BAPA Meeting (5/12) Attachment

What is simplex and when do we use it:

Direct person-to-person.  TX and RX on same freq.

We can talk 100’s of miles – but only line-of-sight.


How and when to use repeaters:

·        Freq offset (usually 600 kHz may be + or -). In repeater lists you may simply see a + or – attached to the primary frequency.  Assume 600 kHz offset unless specified.

·        Tone squelch (CTCSS - Continuous Tone-Coded Squelch System), also sometimes known as a “sub-audible tone”, PL (private line) tone, or even just “tone”

·        There are obviously far fewer repeater channels than simplex channels – so we don’t want to crowd them with our idle chit-chat.

·        Get repeater data here:

·        Store them in memory – don’t wait for emergencies.



·        No swearing - but insults and taunts are encouraged : )

·        No commercial use

·        Identify yourself at least once every 10 minutes by call sign

·        No broadcasting.  These radios are intended for person-to-person communication.  No radio shows.



How to get a license:

·        On-line practice tests: (you only need to pass the “Tech” level)

·        Find the next test in your area:

·        Ham Crams: I tend to see these listed by Jeff Greenbaum and others on his mailing list and the SFBAPG list.


Where to buy:


·        Ham Radio Outlet (HRO): (Oakland, Sunnyvale, and Danville) their prices are competitive (you can usually get a VX-170 equivalent for about $125


·        Amateur Electronic Supply ( in Las Vegas






Always program your radio to cut-out if stuck on transmit for 60 seconds or more.  We end up leaning on our buttons.  If there’s been radio traffic and you haven’t heard a peep from anyone in a long time – YOUR PTT button is stuck.  If it was someone else’s you’d know it.


Don’t use a VOX – they suck. 


Do use a helmet speaker and mic and PTT.  I prefer a finger PTT so I can respond instantly without having to reach for anything.  Some prefer a helmet mounted PTT switch to minimize wires.


You can make or buy a helmet speaker/mic/PTT setup.  I prefer to make my own.  Whether you make or buy, they will all fail eventually.


Even if you use a helmet setup, it’s important to keep the radio out of the wind (at least for the two common Yaesu models).  I have no idea why, but wind noise causes the mic gain to go extremely low.  The result is that the person on the other end doesn’t hear wind noise (when you’re using the helmet setup),  but they can just barely hear you.


If you don’t use a helmet setup (talking directly into the radio) it is very difficult to block out wind noise.  Some people have learned how to cup the radio just right to do it – but it always seems like more trouble than it’s worth to me.  It also takes much longer to respond if you have to grab your radio and position it very carefully.


2M-HT refers to our wavelength (2 meters) and the HT stands for “handy talky” but I prefer “handheld transceiver”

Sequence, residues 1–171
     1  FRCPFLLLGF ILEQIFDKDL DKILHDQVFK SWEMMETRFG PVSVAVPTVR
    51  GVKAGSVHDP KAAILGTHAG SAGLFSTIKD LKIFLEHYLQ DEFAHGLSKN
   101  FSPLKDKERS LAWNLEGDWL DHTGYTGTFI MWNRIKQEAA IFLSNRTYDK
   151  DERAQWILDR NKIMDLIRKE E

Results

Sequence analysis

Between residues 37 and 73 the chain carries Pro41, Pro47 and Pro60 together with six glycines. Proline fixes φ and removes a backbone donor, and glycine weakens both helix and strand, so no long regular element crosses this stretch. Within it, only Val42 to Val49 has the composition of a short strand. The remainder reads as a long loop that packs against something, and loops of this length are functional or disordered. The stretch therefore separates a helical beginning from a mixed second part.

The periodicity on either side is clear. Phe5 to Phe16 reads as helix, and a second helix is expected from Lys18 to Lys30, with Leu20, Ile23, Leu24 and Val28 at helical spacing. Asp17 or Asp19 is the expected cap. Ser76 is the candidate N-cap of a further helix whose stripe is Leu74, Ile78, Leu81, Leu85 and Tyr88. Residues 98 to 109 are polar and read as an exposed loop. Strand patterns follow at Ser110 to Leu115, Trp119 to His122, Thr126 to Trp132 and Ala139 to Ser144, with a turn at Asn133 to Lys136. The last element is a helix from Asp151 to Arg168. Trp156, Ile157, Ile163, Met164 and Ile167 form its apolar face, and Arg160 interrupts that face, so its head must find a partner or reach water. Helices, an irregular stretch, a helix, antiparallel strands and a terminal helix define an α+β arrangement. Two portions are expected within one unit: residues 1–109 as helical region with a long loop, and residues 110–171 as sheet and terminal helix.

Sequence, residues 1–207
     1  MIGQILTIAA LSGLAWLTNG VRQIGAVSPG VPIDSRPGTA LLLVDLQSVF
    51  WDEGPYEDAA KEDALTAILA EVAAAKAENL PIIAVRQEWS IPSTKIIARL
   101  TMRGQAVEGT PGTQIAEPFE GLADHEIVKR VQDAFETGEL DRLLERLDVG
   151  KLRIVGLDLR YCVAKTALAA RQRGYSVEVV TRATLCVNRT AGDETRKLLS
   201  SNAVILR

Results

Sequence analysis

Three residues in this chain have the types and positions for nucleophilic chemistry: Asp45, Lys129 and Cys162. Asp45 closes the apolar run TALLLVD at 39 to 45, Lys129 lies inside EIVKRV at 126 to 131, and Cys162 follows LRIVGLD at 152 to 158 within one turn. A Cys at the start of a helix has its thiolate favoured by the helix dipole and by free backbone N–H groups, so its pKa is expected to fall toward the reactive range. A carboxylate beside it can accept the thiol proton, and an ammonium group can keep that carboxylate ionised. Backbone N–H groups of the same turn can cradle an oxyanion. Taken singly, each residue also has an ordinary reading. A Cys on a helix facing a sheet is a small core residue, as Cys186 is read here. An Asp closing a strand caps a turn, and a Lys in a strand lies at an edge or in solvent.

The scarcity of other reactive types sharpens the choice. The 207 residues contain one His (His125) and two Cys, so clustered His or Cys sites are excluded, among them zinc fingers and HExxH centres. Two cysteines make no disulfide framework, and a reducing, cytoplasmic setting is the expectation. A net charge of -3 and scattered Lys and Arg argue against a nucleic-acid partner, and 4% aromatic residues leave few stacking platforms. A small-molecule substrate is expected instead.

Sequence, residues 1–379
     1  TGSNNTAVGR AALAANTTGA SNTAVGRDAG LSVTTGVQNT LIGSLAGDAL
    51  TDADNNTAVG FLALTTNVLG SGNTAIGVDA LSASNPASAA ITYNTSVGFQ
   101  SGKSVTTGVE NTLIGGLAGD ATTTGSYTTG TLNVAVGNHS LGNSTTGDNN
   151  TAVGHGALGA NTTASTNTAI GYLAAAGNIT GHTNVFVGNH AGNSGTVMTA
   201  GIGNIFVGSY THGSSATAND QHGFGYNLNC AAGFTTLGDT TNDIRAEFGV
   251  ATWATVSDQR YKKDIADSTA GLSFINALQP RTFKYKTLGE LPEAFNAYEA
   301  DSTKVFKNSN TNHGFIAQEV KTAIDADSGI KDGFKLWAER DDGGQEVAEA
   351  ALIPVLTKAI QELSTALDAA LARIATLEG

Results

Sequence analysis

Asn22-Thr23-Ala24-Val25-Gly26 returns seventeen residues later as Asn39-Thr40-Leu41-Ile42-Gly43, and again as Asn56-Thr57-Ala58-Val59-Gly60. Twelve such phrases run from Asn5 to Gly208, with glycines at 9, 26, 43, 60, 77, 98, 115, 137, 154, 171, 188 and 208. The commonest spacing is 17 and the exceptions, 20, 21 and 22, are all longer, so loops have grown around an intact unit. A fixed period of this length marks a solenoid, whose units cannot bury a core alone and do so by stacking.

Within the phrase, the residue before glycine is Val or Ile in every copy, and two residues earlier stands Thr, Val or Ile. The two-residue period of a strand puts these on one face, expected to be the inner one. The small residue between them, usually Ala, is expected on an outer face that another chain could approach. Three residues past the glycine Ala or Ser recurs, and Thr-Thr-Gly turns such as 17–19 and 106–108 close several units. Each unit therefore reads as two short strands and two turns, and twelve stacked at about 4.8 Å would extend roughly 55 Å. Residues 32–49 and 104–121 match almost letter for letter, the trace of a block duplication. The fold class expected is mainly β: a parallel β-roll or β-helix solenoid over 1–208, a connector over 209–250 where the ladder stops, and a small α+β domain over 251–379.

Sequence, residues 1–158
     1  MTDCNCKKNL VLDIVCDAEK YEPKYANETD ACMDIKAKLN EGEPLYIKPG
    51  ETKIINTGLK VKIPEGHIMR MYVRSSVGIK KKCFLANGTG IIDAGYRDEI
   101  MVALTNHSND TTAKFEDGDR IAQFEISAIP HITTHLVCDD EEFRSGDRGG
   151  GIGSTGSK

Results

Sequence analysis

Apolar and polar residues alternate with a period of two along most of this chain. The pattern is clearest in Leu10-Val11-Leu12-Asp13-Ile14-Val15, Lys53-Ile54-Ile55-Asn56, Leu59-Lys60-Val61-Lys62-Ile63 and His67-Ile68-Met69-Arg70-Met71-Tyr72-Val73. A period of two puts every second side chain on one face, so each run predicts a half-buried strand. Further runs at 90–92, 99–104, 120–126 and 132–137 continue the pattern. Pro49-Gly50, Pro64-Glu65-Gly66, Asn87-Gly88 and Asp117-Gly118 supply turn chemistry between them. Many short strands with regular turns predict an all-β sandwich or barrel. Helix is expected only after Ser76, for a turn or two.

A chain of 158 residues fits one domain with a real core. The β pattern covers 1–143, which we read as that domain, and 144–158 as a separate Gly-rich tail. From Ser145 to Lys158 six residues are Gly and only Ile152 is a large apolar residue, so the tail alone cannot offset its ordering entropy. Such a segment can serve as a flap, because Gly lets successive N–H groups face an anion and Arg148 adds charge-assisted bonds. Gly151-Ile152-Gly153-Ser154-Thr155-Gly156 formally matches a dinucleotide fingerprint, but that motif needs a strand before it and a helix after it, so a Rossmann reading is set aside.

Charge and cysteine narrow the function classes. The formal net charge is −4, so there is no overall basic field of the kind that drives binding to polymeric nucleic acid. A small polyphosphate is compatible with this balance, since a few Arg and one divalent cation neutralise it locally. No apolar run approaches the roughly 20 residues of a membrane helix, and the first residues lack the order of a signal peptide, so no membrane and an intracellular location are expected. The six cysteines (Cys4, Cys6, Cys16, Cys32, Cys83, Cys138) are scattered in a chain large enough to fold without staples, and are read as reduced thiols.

Most handhelds have a zillion features.  You don’t have to use them all. I do 99% of my talking on 147.405 simplex.


Use the “keyboard lock” feature.  This helps keep you from pressing all the buttons when the radio is in a pocket.  But none of them seem really complete.  Some radios have multiple keyboard lock modes.


I sometimes use repeaters for a radio check when setting up new helmets.


Don’t worry too much about transmitting on illegal frequencies.  Without modification, your radio won’t transmit on anything but legal ham frequencies.


Dual band radios are common – but I don’t see any need for them for our purposes.


They are 2m and 70 cm (144 Mhz and 440 Mhz).  Tri-band radios also use 220 Mhz.


USHPA frequencies:  151.625 MHz, 151.955 MHz, 151.505 MHz, 158.4 MHz, and 151.925 MHz.  Our radios won’t transmit on these frequencies without modification.  I believe it’s illegal to modify them to TX on USHPA freqs, but usually easy to do.


Call-sign lookup:  (by name or call-sign)




Make a simple cheat-sheetand stuff it in your gear (you’re welcome to use mine).  You won’t remember how to do anything but the most basic things when you need to. 


Make sure your cheat-sheet includes the directions to do a factory reset.  You may need it if you hit buttons and get the radio in a weird state.


Keep a list of your favorite frequencies and repeater settings.  You may need it if you have to do a factory reset.


Most everyone uses ham in the mountains.  Very few use them at the coast.  NO ONE ever uses a radio at the coast if they crash, get stuck, or injured.  Therefore, carrying a ham radio at the coast will give you a 100% guarantee you never land on the cliff, get injured, etc.


Different people have different habits and tolerances.  In general, people don’t want to hear a whole bunch of chattering when trying to thermal.  It’s more accepted at the coast, but try and be respectful.  If you’re going to give someone a site-intro and will be on the radio continuously – pick your own channel.